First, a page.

Heritage of Scotland’s Travelling People
Jess Smith, author and story-teller from Perthshire’s Travelling People, set out to protect The Tinker’s Heart; little did she know that Scotland needed educating in the ways of a tiny minority of her people.
Scotland’s Travelling People have been around longer than history portrays. I am a Traveller, and although not in the sense of ‘travelling the old roads as my family did in the past’, I still feel that sense of identity, of belonging to the seeds of my ancestors.
As a child I dreamt of one day becoming a writer. Sadly, when a child is raised within the system of keeping certain threads of the community down, it seemed destined to belong in the realm of dreams. Yet there’s an old saying, “if you wish hard enough…dreams can come true.”
Not actually as magical as it sounds because I did not just go to bed one night and get up an author. Aged 50, still clinging to my dream, I joined a writers group, took computer lessons and dribbled my memories onto paper; gingerly whispering my little tales as a wanderer’s child, living with a large family in a bus, to the other members of our writers’ group. They enjoyed, encouraged and insisted I send my work off to another reader, or in my case, ‘listener.’ He was an ex-editor of Scot’s Magazine and he liked my work. My story was about a child’s journey, my life as a Scottish Traveller. The publisher read my passion and accepted my manuscript. My journey had begun again. Dreams do come true.
A waterfall of words, memories and a girl to woman tale allowed for three autobiographical books.
Stories hidden in the throats of old Travellers filled the next book, a collection that would live on rather than face the grave. Scotland cannot afford to lose her threads of myths and legends no matter who holds them sacred.
Wars leave women folk in desperate situations, Travellers also fought and died for their country, therefore, I needed to write for them. A novel followed on from these sentiments. I wrote book six for historical reasons, to find as much of the truth as I possibly could unearth, a factual collection to educate the prevailing ignorance about the culture.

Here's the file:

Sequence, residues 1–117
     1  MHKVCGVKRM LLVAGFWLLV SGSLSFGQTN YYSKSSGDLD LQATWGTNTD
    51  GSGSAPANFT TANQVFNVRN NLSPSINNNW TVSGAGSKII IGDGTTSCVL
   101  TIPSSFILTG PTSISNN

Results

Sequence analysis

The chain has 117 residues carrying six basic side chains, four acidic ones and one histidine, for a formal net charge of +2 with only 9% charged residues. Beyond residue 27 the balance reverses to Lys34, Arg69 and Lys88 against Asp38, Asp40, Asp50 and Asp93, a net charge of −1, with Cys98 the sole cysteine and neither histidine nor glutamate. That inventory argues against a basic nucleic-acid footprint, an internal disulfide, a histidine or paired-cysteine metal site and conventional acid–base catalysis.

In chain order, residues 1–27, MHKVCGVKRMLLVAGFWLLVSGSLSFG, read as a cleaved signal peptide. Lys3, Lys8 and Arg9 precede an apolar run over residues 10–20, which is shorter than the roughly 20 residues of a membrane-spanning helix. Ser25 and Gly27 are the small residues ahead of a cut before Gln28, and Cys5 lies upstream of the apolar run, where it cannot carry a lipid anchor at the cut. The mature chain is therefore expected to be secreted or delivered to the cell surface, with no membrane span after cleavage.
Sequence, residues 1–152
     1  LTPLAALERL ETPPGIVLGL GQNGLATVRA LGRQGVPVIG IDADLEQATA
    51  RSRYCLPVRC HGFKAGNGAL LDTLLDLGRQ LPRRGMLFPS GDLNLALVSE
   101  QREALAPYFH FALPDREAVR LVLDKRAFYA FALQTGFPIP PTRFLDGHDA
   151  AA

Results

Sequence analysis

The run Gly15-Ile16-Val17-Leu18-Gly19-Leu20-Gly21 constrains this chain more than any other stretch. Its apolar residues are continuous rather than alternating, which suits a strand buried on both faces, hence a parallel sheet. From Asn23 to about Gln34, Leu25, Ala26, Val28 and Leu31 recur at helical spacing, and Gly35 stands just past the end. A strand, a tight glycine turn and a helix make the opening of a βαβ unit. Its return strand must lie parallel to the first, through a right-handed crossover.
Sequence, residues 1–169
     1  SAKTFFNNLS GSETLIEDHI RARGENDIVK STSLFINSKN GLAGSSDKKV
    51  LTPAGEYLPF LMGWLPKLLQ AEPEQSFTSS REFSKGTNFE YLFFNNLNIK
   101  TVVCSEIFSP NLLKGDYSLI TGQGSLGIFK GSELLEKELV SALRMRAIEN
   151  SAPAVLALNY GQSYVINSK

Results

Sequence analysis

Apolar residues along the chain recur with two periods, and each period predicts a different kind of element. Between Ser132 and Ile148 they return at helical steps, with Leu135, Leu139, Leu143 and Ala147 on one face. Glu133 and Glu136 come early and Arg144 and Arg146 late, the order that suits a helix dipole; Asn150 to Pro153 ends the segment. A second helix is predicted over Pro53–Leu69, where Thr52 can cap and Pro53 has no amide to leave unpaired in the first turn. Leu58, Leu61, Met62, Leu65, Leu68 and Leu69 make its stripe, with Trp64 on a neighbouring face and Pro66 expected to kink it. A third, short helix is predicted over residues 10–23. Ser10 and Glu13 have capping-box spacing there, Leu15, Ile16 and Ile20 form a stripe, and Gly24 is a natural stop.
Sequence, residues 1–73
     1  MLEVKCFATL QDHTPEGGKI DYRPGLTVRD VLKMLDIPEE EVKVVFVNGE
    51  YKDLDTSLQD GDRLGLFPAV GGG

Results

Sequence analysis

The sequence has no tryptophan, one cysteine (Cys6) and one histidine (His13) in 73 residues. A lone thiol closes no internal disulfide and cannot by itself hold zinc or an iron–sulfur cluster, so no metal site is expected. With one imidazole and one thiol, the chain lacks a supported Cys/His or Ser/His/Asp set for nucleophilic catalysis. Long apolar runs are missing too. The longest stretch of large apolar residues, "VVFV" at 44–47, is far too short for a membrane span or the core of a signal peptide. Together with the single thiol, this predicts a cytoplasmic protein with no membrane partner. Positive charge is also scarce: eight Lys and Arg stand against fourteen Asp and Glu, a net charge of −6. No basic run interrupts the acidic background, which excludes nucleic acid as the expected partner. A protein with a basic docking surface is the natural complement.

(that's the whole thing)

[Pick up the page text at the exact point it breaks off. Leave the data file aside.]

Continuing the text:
As an author, I talk to various organizations. I met a lady at one of the talks who told me about the state of the Tinker’s Heart.
I was stunned and ashamed. Stunned by the neglect and ashamed that for years I had never visited the site; after all it was our only monument, our sacred site of white quartz stones positioned on the road, the old junction. Traveller’s married there, parents carried newborn to be christened and brokenhearted people took their dead to be blessed. It had survived centuries, never moving or being dislodged. This is what happens when a place remains on the landscape. We take it for granted; never miss the water until the well runs dry, so to speak.It was at one of these talks (Sandbank near Dunoon) when an elderly lady informed me that our little monument was under threat; The Tinker’s Heart of Argyll, at the old junction with Hell’s Glen and the A815 road, was covered with dung and trampled by cattle. There’s a new road that runs alongside, sending the old junction into a field.
As I stood on the spot overlooking loch Fyne a chill wind blew through my bones. I was left with one determined thought, “we need to get this old heart beating again!” So, I enquired as to who owned the land on which the now defunct crossroads lies and contacted them. I wrote letters but received no replies. I also went to the local group Here We Are, who refused to help but did, however, erect a cage around the stones and cleaned them up.
Locals had known of the heart for generations, so I began a search for the origins of the site. I heard various stories; one was repeated – that some of the fallen from Culloden were remembered by grieving families, who put in place the white quartz stones. In the far off past, Travellers were known as Cairds; they were connected to clans so maybe this could well be the case.
I approached Historic Scotland, who refused to help, stating the stones had been moved. We had to prove this was not so. They then said, “Stones didn’t meet their criteria”. In the 1920s Lady George Campbell would not allow tar to be laid on the stones due to its sacristy.
MSP Mike Russell then came on board. Nothing was working in our favour, so we went with a Parliament Petition; over 1000 signatures and a successful meeting with the petitions committee gave a new vigor to the campaign. Historic Scotland proceeded to change their criteria regarding Travellers, and on 18th June 2015 they scheduled the Tinker’s Heart as a ‘National Monument’.
I set out to protect a sacred site; little did I realize that Scotland needed educating in the ways of a tiny minority of her people.
No matter who we are, where we come from, we all matter…we all count.BACK